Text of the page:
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Austrian Pioneer of Space Travel Honoured

Herman Potocnik was born on 22 December 1892, and in space literature he is known as the inventor and discoverer of the synchron course where -today’s geostationary satellites are placed. His discovery was prerequisite to the positioning of Communications satellites at a height of around 36,000 km.

In a book published in 1929 ‘The problems of Space Travel — The Rocket Motor’ he wrote:‘ An observation point in empty space: Every body circling around the earth 42,300 km above the centre of the earth in an orbit parallel to the equator, remains permanently floating above a fixed point on the earths surface.

The body stays above a defined equator point, 35,900 km above the earth, as can be deducted from the earth’s radius of around 6,400 km. Such a body represents something like the peak of an enormously high tower whose force of inertia, although not existing in reality, is replaced by the effect of centrifugal forces.

This floating ‘lower Peak can be enlarged to any size and appropriately furnished. A building would emerge which, though forever belonging to the earth and even being in a fixed position relevant to her, is nevertheless stationed in empty space far above the atmosphere. It is an observation point at 35,900,000 km above sea-level.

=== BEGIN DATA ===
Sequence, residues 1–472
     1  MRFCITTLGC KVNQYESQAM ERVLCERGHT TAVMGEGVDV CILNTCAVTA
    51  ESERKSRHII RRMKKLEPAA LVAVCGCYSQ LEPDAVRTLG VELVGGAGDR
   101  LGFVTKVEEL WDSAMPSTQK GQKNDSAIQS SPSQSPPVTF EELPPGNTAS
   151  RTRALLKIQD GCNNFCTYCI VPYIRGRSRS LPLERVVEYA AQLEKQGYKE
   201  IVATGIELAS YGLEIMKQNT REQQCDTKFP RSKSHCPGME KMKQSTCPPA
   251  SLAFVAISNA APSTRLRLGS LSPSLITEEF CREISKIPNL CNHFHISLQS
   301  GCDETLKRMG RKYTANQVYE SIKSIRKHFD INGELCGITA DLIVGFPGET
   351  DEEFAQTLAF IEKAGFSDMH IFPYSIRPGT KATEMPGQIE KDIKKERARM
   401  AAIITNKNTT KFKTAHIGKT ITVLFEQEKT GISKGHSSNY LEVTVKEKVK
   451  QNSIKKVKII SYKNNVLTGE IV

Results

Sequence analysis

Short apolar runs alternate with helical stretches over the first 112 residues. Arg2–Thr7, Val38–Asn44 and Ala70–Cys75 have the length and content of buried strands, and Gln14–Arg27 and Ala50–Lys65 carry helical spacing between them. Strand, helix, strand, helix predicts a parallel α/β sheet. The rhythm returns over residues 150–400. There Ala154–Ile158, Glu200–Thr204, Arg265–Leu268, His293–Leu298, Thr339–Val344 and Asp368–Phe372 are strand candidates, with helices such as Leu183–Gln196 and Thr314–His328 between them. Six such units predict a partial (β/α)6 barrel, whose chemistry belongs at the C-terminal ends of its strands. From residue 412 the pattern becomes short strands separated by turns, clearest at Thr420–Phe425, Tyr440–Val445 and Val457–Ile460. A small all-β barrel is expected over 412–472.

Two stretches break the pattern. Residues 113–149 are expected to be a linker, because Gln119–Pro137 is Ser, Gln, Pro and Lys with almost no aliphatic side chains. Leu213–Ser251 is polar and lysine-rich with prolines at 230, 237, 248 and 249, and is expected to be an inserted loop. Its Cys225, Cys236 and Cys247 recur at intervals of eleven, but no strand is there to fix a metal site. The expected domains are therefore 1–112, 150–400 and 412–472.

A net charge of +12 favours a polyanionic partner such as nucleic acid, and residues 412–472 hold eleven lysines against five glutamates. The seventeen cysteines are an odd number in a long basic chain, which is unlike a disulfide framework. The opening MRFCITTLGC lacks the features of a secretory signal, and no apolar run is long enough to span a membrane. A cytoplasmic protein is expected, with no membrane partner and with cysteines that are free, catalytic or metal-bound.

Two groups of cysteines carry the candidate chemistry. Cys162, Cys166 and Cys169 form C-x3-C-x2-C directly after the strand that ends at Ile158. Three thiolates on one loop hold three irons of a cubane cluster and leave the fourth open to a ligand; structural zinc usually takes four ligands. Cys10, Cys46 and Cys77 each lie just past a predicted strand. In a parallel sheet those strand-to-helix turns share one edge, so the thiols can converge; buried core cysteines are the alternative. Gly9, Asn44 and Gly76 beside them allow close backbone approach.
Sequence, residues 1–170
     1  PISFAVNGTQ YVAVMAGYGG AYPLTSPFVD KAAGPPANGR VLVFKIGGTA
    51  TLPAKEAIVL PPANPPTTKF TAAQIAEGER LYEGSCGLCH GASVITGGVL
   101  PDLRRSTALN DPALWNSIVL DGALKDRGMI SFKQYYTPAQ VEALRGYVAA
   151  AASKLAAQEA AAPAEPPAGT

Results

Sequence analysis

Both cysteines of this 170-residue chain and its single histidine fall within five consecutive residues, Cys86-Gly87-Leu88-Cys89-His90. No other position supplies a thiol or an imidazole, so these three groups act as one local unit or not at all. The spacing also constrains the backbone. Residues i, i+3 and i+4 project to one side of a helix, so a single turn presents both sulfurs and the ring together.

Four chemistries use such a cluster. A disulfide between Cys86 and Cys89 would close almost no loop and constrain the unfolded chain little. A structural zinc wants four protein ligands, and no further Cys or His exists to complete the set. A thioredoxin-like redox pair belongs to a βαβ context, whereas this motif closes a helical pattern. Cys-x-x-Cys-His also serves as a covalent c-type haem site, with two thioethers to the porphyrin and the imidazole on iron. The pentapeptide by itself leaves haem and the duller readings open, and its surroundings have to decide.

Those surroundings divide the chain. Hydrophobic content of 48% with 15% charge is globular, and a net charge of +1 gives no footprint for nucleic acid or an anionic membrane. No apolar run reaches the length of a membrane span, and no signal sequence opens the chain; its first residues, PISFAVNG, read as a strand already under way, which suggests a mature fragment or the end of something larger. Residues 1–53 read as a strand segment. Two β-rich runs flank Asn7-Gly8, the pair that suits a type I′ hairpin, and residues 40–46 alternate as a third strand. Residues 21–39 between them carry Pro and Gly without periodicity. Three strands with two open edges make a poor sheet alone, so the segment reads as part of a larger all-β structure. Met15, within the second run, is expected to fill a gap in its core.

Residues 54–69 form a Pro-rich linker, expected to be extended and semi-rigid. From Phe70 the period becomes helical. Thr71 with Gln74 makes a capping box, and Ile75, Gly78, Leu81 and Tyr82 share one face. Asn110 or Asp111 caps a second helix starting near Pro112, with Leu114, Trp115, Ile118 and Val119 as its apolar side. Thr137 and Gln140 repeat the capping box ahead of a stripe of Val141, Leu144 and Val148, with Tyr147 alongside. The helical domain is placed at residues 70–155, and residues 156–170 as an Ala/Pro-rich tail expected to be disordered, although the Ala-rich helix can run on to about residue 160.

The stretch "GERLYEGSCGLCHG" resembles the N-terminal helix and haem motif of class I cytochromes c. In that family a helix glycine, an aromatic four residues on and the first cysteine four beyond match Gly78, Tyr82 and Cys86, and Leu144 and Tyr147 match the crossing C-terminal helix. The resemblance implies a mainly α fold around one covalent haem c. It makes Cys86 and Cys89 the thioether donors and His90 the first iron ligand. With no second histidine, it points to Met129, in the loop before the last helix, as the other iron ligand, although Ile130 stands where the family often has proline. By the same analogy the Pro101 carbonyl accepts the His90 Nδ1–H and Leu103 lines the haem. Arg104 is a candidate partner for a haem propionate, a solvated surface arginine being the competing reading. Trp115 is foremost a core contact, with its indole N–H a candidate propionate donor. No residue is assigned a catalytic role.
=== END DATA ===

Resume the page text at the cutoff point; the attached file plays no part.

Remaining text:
To commemorate the 100th Anniversary of the birth of Herman Potocnik, the Austrian Postal Authority have issued a 10s stamp featuring the earth with a satellite in orbit around it. Today, television transmissions via satellites from the landing on the Moon or the Olympic flames can be watched by millions of viewers on all continents.

The civil and military value of his discoveries, published in 1929, is inestimable today. Now, the entire mankind benefits from Potocnik’s brilliant ideas.

Potocnik also performed the first systematic research of manned space travel. He designed a space station, consisting of a residential wheel, a power station and an observatory. Today’s space platforms were designed and built after ideas developed by Potocnik 50 years earlier.

Potocnik, together with the English science fiction author Arthur C. Clarke, are considered fathers of today’s communications satellites, whose importance continues to increase, In 1965, the American space physician, Campbell found the most beautiful words for Herman Potocnik-Noordung: ‘…..he lived and died long before his time’,

Submitted by Prof, Herbert Pichler

(“Moon Pichler”), Vienna, via the Austrian Postal Authority

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